Gold ETFs had net outflows of US$9bn in 2021 led by North American funds

Physically backed gold ETFs saw global outflows of 173 tonnes (t) (-US$9.1bn, -4.0% AUM) in 2021. Collective gold holdings were down 5% to 3,570t for the year, while assets under management (AUM) in value terms dropped 9% to US$209bn as net outflows were compounded by a 4% contraction in the gold price.  Despite considerable outflows for the year, gold ETF holdings remain significantly above pre-pandemic levels, as they posted record inflows of approximately 875t (US$48bn) during 2020.

Bullion trade: India gold market series

With very little mining and modest levels of recycling, India is heavily reliant on bullion imports to meet its domestic demand. Indian official imports have continued to grow despite high import duty with official imports averaging 760t over the last decade.

Gold Market Commentary

Gold rose 2% in November based on the LBMA reference price, rallying early in the month before giving up most of those gains in the following weeks.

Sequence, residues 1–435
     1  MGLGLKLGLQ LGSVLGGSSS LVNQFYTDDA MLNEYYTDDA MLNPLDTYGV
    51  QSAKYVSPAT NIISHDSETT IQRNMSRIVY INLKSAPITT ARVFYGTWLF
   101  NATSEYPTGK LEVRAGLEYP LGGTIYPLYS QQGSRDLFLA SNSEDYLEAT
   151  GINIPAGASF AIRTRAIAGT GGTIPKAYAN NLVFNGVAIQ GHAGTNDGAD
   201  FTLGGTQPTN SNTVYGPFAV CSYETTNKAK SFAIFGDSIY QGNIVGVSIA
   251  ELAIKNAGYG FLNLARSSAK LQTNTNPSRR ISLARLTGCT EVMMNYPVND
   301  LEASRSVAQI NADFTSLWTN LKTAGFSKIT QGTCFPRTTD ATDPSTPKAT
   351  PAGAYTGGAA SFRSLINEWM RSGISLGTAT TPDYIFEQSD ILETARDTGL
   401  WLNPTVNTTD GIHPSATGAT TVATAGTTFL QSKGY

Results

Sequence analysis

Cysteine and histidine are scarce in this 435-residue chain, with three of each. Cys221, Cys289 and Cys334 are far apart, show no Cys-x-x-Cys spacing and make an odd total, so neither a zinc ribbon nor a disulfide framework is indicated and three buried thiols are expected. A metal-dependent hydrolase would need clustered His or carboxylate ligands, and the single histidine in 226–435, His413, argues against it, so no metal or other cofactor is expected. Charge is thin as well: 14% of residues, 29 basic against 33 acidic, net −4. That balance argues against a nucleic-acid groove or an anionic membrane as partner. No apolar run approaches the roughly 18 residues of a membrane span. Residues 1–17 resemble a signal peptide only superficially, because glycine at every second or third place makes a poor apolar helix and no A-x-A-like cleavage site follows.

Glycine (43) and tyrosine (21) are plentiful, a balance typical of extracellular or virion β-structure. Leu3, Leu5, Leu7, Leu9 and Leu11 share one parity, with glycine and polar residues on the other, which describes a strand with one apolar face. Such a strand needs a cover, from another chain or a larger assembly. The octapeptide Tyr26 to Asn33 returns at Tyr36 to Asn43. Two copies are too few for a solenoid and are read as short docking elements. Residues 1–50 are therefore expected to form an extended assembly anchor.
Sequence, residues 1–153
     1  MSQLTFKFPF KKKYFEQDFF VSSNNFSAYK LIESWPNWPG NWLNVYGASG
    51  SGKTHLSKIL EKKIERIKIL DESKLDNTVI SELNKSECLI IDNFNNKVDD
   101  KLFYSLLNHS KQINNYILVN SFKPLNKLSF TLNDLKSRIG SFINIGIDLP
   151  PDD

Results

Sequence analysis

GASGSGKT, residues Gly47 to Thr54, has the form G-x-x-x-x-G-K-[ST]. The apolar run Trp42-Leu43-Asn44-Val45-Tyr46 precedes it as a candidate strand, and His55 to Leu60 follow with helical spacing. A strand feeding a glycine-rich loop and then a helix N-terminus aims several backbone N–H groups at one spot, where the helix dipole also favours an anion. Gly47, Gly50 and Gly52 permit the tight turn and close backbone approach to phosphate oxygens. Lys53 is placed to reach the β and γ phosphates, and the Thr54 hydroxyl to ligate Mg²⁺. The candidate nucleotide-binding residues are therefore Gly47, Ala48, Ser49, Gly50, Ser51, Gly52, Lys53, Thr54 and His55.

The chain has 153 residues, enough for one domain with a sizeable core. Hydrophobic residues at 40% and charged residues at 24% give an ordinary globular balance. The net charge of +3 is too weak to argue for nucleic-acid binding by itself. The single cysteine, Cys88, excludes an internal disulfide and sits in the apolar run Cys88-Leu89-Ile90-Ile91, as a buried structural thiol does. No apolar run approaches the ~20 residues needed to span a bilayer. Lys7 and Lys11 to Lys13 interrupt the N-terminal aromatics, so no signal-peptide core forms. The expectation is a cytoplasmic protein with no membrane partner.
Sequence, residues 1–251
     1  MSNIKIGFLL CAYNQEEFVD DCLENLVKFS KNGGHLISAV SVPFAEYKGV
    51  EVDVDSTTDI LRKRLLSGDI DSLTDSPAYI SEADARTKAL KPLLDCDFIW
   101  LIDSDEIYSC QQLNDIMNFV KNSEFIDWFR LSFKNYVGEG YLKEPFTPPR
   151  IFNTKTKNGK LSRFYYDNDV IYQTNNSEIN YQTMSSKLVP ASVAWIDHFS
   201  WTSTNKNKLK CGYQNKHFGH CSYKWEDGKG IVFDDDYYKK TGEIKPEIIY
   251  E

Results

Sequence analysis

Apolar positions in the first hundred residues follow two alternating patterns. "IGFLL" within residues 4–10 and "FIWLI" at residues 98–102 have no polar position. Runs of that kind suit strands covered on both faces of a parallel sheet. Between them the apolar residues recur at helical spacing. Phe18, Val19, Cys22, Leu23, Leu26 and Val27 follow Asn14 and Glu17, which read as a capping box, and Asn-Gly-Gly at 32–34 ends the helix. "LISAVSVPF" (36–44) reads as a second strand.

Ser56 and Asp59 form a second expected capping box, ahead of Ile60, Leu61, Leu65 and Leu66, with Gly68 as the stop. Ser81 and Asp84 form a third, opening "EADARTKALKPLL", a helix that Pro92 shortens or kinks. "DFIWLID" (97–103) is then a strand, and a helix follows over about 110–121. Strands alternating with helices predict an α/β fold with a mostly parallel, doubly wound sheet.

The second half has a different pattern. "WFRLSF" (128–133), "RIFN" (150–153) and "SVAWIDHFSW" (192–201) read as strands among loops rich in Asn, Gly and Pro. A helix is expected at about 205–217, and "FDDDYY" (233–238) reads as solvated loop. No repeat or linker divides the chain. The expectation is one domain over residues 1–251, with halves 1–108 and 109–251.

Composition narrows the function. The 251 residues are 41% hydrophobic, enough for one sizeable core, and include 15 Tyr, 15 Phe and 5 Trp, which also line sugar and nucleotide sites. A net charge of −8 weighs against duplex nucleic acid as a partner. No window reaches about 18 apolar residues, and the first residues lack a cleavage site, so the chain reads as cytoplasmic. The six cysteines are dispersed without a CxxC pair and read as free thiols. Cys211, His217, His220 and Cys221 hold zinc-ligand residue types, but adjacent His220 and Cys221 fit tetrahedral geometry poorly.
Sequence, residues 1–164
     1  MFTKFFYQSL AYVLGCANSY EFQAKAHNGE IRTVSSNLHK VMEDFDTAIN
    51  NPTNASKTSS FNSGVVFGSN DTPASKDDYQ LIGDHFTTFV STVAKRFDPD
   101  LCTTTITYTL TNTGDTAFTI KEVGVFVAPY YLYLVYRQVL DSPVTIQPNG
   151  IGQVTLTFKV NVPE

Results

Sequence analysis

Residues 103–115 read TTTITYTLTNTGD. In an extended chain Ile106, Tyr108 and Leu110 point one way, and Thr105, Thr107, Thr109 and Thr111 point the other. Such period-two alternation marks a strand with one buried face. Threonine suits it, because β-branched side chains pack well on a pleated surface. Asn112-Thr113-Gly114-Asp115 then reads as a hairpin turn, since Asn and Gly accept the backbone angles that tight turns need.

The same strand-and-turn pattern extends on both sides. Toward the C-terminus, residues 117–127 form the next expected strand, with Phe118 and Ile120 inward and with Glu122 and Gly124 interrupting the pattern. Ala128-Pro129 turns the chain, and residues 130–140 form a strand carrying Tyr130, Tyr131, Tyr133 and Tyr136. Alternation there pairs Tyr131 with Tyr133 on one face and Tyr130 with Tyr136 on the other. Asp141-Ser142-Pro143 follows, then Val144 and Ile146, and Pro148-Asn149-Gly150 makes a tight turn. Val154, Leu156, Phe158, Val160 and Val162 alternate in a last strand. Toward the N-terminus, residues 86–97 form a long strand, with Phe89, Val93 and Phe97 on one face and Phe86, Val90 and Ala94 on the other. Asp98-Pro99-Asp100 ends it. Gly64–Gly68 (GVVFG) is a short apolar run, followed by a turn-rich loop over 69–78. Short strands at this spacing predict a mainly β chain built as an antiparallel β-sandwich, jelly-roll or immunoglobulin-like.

Gold ETF flows turn positive in November led by North American funds

Gold-backed ETFs (gold ETFs) experienced net inflows of 13.6 tonnes (t) (US$838mn, 0.4% AUM) in November, the first month of positive flows since July. Inflows into North America and Europe well exceeded outflows from Asia, which saw negative flows for the first time since May. Global gold ETF holdings rebounded from year-to-date lows, increasing to 3,578t (US$208bn) as investment demand for larger gold ETFs returned amid decades-high inflation and heightened market volatility. 

Advancing Islamic Finance Through Gold

Gold has long been valued for its distinctive investment benefits. Although gold is no longer the basis of the international monetary system, its status as a bastion of stability has endured, a role which has become ever more important in today’s uncertain environment.

Central Bank Digital Currencies and Gold

Together with our partners at OMFIF, we have written a report on the development of central bank digital currencies (CBDCs) and the implications for the gold market. CBDCs can potentially enable a wide range of new features. Money can become programmable, allowing policymakers to incentivise certain spending behaviours that can optimise economic impact or address social concerns. The trackable nature of CBDCs can also help to deter financial crimes. The ability to easily deploy “helicopter money” may also spark concerns about inflation.